Notes, Short Comments, and Answers to Correspondents

1872 The Lancet  
CHINESE CORONERS' INQUESTS. ) THE Chinese coroner (Wu-tsoh) is an assessor of very mean rank, who assists the district magistrate in determining the cause of death, in cases of a suspicious character only, upon the report of the friends of the deceased, the headmen of the tything, or the constable. There is an old treatise which forms the Coroner's Manual, dating from the thirteenth century, and is called Si-yuen-lub, or the Record (treating) of the Redress of Wrongs. From this work, in four
more » ... is work, in four volumes, illustrated by a few curious plates of topographical anatomy, may be gathered all that is known of medical jurisprudence and toxicology in China. Cases of suicide from oppression, excessive dunning, and the complications of litigation form the great bulk of cases usually inquired into. The suddenness of any death does not call for any inquiry in the absence of any suspicion or litigious proceedings, as in the East cases of such character are necessarily frequent, and perfectly natural from the character of the climate. Suspicious cases must be cleared up within forty days, or the magistrate may be removed upon petition. There is the same popular (and official) objection in China as in English villages against the removal of the body from the very spot in which it may be found. The identification of the corpse, the verification of the injury, the condition of all the natural orifices and passages of the dead body, and the noting of deformities, bruises, wounds, and scars, are points of importance in the ceremony, which is usually gone through before three days have entirely elapsed. The behaviour of the skin of the corpse after several washings, scourings, and even boilings, is carefully noted. An adjournment sometimes takes place. In the case of female corpses, female assistants or trusty midwives are employed, and great attention is paid to the state of the abdominal and pelvic regions. Many of the directions given in the Si-yuen-luh are altogether omitted at the present time. Nothing of the nature of a jury is met with at these examinations, which are, however, generally made in the presence of the relatives of the deceased and the representative crowd of the neighbourhood. The depositions of the coroner are taken down, and the whole case is mutually discussed, and authoritatively decided by the magistrate. The corpse may now be coffined and removed, or it is purposely left to stigmatise the locality and the offender until the case is settled. In the mean, while the offender has been pursued, and is now taken into custody at the instance of the magistrate, whose jurisdiction is undivided and his responsibility most serious in such cases. On a report of the headmen of the tything, who thereby hold themselves responsible, the magistrate may stay all the proceedings. Certain cases of death by visitation of the gods, where the clothes and money of the deceased are untouched, are never inquired into. Two or three coroners are appointed to each district (Hien). Some difficulty is experienced in finding men who are willing to perform the duties of the office, or have the necessary acquaintance with the forms used. Very small salaries are paid to each coroner (,S8 per annum in one instance), and slight fees are allowed at each inquest. The children of a coroner are not eligible for the literary examinations without special permission from the Emperor. The coroner performs very much the same duty as the skilled medical witness of this country, and his decision is much the same as the "finding" of the jury with us. No kind of oath is administered on these occasions, and much "hard swearing" is practised as a matter of course. In the degradation connected with the post-mortem ; ,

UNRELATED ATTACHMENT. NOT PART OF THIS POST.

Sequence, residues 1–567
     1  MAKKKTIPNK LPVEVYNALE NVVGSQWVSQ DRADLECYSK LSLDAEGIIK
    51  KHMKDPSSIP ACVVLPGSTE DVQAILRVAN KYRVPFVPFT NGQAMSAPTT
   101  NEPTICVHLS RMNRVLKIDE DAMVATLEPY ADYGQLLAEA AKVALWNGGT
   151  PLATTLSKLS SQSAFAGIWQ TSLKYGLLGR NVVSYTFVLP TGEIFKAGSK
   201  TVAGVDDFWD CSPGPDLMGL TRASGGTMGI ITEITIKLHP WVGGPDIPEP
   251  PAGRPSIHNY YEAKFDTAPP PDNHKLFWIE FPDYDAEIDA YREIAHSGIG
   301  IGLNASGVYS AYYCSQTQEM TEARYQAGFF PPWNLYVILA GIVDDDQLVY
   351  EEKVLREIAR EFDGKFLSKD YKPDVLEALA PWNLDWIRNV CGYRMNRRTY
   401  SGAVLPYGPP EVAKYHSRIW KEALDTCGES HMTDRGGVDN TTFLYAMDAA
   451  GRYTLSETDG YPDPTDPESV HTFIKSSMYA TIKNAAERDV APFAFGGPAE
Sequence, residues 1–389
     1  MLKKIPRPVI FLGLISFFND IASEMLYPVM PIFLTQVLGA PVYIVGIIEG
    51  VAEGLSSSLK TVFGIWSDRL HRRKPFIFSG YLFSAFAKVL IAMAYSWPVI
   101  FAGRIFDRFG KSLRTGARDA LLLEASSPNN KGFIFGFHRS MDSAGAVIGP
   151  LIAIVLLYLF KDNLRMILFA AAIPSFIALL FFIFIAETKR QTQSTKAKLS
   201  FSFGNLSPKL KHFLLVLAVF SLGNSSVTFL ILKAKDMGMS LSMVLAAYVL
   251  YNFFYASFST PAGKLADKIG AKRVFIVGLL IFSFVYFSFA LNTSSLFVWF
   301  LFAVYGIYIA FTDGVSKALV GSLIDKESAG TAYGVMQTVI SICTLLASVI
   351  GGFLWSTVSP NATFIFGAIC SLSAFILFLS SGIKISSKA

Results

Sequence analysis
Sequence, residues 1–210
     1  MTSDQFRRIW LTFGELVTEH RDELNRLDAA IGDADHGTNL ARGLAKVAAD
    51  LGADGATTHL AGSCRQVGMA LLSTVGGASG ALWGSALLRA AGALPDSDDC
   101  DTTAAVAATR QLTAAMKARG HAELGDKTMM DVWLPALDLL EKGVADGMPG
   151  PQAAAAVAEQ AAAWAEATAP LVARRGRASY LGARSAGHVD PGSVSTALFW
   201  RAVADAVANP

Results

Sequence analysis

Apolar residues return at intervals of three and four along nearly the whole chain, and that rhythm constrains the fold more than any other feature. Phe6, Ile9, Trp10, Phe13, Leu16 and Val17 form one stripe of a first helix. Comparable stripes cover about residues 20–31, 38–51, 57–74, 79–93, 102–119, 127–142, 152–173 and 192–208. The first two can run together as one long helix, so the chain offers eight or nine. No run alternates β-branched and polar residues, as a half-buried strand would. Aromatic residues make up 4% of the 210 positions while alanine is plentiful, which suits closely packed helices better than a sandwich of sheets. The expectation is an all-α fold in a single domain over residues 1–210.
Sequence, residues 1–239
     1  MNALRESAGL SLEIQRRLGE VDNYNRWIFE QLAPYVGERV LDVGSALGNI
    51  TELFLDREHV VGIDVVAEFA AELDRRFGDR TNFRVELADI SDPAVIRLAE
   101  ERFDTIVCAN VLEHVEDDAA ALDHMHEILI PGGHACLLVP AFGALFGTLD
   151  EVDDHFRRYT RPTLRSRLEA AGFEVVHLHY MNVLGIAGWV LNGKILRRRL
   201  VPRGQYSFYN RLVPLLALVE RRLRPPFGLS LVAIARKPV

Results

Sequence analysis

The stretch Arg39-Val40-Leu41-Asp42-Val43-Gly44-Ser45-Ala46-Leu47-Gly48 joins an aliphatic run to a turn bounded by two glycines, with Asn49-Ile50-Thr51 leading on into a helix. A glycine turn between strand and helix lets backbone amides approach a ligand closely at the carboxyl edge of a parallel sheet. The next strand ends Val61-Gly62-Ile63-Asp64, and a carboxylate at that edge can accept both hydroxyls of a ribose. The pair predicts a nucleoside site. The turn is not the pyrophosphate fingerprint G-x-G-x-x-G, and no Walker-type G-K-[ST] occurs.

doi:10.1016/s0140-6736(02)63905-4 fatcat:mbsxevl3bneo5h4uchysvd2cwa